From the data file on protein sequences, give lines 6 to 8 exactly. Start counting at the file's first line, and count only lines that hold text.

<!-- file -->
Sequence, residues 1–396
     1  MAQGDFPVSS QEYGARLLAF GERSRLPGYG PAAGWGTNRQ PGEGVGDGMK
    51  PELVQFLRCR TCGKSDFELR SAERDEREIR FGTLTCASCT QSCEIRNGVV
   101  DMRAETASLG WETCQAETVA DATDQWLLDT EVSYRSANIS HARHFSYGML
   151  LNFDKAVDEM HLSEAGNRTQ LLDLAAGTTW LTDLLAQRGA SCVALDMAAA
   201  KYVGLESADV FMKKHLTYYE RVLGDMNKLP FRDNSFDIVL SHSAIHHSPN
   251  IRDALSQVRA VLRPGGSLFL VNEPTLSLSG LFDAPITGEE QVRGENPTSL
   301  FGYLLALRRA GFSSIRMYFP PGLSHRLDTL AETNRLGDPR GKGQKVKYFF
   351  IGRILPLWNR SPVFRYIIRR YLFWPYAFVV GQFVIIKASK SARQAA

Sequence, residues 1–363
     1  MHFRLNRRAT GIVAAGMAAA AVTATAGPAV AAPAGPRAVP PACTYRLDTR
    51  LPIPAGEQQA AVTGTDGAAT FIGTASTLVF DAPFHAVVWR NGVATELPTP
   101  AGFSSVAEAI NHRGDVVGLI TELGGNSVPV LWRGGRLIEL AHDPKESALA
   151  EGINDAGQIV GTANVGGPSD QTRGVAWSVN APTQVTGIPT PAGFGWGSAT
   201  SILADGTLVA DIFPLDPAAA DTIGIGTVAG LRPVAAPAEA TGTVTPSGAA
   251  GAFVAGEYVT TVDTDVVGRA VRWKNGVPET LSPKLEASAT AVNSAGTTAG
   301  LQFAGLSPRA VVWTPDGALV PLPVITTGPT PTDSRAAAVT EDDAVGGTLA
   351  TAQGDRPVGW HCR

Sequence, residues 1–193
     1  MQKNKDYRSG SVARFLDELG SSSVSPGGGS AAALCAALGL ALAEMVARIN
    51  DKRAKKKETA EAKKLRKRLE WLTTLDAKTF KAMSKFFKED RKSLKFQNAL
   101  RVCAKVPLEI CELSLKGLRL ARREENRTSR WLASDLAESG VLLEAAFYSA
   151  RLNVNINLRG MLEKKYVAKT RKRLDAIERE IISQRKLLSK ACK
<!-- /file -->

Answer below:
   201  KYVGLESADV FMKKHLTYYE RVLGDMNKLP FRDNSFDIVL SHSAIHHSPN
   251  IRDALSQVRA VLRPGGSLFL VNEPTLSLSG LFDAPITGEE QVRGENPTSL
   301  FGYLLALRRA GFSSIRMYFP PGLSHRLDTL AETNRLGDPR GKGQKVKYFF